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        Ask Dr. Bronwyn: What to Do When Your Child Hates School

        Q: We’re only a few months into the school year, and I have a fourth grader who claims to hate school. Every morning is a battle, and I have no idea what’s going on. He doesn’t want to do his homework, says his teacher hates him and has asked to be homeschooled, which is not an option. Help!

        —Middle School Drop-Out's Mama
        Victoria Will
        Written By
        Dr. Bronwyn Charlton of seedlingsgroup
        Dear Middle School Drop-Out's Mama,

        On the walk to school two days into the year, my son very seriously said, “I don’t think third grade is for me.” A week later he was fine: His idea for a class name was chosen, and he got to create a 3D sculpture in art class. Though he seemed back in the game, I’m keeping my eyes on him.

        It’s fairly common for children to seem fearful or anxious about going back to school. If this is the case for your child, put on your detective hat and investigate. Listen to him, speak to his teacher, ask permission to observe a class, pay attention to how he manages homework and look closely at his weekly schedule. In doing so, you’ll hopefully begin to understand the culprit, which is usually one of the following issues: temperament, social disconnect or boredom.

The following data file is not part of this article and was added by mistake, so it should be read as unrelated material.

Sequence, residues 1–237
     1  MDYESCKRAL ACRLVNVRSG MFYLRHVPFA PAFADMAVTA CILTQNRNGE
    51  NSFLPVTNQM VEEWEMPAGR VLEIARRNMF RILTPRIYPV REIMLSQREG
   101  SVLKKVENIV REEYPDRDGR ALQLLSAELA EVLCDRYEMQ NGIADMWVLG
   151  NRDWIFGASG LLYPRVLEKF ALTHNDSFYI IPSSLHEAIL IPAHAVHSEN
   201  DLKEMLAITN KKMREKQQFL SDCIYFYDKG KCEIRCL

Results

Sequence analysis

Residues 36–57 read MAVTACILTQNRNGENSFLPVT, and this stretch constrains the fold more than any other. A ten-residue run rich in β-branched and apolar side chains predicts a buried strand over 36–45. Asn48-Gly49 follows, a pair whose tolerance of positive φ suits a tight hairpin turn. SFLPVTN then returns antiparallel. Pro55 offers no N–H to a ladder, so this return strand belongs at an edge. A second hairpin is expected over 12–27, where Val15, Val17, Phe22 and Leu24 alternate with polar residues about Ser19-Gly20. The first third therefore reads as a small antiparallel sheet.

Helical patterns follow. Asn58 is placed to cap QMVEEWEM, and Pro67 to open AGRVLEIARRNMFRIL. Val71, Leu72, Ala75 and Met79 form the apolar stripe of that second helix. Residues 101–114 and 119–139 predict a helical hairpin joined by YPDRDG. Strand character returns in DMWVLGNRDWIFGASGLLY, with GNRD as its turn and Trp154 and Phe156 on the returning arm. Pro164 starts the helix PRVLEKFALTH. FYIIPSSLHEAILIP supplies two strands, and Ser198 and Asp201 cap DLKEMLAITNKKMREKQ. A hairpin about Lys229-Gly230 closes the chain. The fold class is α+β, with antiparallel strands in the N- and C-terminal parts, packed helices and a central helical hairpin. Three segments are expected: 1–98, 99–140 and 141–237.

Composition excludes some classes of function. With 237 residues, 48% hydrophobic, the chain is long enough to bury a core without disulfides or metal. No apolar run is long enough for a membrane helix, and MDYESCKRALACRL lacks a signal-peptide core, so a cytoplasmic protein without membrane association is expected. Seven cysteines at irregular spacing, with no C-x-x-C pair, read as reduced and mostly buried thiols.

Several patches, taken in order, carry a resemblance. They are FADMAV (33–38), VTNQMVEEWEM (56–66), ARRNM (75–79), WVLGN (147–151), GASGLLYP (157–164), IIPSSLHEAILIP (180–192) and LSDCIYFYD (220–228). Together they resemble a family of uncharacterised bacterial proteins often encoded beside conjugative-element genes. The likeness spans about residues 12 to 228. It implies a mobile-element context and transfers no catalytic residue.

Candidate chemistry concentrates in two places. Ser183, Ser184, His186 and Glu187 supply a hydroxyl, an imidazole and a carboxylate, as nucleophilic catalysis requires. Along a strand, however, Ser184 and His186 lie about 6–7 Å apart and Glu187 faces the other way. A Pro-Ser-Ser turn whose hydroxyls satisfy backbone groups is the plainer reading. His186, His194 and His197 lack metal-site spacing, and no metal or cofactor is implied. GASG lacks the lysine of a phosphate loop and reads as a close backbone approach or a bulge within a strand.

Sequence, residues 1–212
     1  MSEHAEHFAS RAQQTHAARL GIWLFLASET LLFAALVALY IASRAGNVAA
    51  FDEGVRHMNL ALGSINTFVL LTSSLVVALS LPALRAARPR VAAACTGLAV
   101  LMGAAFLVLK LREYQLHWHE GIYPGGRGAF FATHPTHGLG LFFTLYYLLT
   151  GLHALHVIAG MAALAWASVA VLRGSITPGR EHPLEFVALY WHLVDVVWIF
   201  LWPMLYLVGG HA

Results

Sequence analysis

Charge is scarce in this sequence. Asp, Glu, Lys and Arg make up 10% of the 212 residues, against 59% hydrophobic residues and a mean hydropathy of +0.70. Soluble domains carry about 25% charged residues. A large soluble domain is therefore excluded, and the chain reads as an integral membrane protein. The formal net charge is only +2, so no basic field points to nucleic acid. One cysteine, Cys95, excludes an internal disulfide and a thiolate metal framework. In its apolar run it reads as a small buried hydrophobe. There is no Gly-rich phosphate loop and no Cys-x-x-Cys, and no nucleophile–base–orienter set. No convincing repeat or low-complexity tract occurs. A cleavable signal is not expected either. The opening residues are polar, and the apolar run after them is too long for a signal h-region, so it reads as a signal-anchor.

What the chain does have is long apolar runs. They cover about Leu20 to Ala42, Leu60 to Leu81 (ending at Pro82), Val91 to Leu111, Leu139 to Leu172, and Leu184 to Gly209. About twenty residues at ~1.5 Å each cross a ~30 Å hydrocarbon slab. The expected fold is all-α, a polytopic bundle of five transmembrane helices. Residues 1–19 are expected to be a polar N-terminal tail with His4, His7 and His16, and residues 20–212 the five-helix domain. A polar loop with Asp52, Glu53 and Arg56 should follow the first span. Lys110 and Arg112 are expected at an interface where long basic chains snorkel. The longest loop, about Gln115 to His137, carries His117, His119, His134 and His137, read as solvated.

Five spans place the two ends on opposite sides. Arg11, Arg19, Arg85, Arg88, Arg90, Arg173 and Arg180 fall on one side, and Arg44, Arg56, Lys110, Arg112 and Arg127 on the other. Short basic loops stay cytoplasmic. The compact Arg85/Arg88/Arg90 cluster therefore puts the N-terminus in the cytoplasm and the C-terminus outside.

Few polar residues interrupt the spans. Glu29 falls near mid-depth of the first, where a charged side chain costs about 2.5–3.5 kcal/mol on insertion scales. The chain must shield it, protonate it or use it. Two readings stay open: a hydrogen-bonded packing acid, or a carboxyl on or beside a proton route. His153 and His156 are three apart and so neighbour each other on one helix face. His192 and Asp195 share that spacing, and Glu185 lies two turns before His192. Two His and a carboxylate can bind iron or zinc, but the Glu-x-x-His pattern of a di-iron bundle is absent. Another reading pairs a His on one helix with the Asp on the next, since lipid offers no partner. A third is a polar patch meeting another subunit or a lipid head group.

Here are some strategies to tackle each one.


        The classroom isn’t always a good fit for high-energy kids, who can become uncomfortable when expected to sit still at a desk or on a rug — even with scheduled breaks for recess, lunch and psychical education. These children usually get the brunt of their teachers’ negative attention. This can be a bit of a double-whammy because highly active kids don’t often have the skills to carry out classroom requirements such as self-control. This often leads them to feel singled out by teachers who are simply reminding them to focus on their work, keep their hands to themselves or stay in their seats. Here are some tactics for dealing with temperament issues.